The user loses their device and will again want some form of compensation, according to Garlati.
The technical solution here is to use desktop virtualization, which means all of the corporate information is stored on servers. Doing the same with at least tablets would be good, but the technology isn't there yet, Garlati said.
When handing over information relevant to a legal case is enough, the IT department needs to have a process in place for gathering the data from PCs, smartphones and tablets, according to Wallin. Allowing the IT department to do that also needs to be part of the policy workers agree to, he said.
Enterprises also have to plan for what happens when a user wants to upgrade to a new device and get rid of the old one. Doing that is mandatory for any BYOD program, according to Wallin.
One way to ensure corporate data doesn't end up in the wrong hands is for enterprises to outright buy old devices. Another alternative is to discount the cost of a new smartphone, according to Garlati.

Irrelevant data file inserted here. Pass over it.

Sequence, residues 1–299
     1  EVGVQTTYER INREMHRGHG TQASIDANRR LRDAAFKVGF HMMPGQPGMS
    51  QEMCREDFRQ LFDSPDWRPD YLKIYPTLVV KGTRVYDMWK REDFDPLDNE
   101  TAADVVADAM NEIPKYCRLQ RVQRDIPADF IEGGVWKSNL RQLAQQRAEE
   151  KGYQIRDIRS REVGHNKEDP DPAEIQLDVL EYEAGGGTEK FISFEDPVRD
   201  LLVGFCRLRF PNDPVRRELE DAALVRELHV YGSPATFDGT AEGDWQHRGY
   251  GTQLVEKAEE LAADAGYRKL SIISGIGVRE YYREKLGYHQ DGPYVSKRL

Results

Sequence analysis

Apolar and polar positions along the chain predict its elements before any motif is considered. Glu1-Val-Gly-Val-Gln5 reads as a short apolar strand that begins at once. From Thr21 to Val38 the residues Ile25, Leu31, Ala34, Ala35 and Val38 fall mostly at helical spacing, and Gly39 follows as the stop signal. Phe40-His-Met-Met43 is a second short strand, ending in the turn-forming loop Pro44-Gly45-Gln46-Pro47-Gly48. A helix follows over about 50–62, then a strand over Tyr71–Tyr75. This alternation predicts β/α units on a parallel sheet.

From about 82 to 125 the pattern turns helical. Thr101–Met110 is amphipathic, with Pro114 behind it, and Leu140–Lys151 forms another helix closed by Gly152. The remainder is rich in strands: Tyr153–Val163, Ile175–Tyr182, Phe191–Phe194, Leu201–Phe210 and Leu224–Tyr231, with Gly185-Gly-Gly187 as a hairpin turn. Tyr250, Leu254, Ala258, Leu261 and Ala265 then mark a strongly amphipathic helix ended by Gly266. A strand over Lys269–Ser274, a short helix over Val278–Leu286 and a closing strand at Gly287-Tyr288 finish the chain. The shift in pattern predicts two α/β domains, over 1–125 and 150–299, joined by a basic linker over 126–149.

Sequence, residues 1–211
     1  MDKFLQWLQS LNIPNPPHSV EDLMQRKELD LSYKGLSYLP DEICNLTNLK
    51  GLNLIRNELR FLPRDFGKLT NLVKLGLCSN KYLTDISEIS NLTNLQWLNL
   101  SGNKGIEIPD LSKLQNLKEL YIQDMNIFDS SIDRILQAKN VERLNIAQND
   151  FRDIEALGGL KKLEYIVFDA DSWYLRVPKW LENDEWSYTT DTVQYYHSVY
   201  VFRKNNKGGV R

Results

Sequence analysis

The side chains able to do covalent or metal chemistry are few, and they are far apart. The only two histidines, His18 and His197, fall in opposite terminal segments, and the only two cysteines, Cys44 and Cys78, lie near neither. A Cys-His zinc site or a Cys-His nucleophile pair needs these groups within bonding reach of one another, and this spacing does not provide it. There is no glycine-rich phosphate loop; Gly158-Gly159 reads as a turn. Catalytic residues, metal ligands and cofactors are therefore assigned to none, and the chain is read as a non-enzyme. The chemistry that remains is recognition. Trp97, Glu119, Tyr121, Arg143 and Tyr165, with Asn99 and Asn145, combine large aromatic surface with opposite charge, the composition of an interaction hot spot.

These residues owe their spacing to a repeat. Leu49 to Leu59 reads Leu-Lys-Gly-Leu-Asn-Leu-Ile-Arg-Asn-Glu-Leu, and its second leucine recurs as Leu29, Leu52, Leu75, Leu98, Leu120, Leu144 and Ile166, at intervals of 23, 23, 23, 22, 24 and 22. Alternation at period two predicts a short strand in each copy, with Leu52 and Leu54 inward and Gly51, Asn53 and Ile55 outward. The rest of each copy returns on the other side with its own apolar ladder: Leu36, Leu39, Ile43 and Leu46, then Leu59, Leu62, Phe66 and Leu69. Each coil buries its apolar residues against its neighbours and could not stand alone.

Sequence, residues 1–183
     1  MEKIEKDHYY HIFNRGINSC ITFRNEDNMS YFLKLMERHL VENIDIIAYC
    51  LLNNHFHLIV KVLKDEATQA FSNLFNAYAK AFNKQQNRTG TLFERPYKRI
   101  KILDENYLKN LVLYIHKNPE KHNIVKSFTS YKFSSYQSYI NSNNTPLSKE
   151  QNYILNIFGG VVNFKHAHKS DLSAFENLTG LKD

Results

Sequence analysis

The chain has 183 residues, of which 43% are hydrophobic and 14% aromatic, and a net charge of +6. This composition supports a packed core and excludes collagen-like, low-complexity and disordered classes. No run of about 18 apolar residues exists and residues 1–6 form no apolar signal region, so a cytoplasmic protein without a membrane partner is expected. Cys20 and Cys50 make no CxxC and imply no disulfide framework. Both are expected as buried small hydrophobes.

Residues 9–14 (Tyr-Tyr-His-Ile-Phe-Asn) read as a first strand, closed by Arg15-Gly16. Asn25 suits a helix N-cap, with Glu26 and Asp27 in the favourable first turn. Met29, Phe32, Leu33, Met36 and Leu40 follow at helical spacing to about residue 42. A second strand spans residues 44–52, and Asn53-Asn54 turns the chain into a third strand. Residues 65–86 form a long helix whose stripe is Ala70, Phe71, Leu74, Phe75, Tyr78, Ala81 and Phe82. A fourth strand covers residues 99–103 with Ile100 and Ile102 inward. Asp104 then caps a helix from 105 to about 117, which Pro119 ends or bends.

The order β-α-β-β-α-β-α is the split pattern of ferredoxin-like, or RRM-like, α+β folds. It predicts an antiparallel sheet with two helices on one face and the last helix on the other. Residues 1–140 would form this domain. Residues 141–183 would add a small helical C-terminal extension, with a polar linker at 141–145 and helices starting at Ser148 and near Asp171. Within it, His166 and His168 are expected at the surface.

"My company actually gives me a discount on the AT&T price of a device if I buy through them, but there is a catch because I have to return the old device," said Garlati.
Purchasing phones from employees isn't a very feasible option, since enterprises are adopting BYOD to get away from buying hardware, according to Wallin. His alternative is to rely on the mobile device management solution or getting users to wipe their phone.
"Users have to be told that if they are let go, retire, leave or buy a new device, all corporate information has to be deleted, including potential physical or cloud-based back-ups ... Some organizations want to verify the information has been deleted, while others check a sample or trust the employee," said Wallin.
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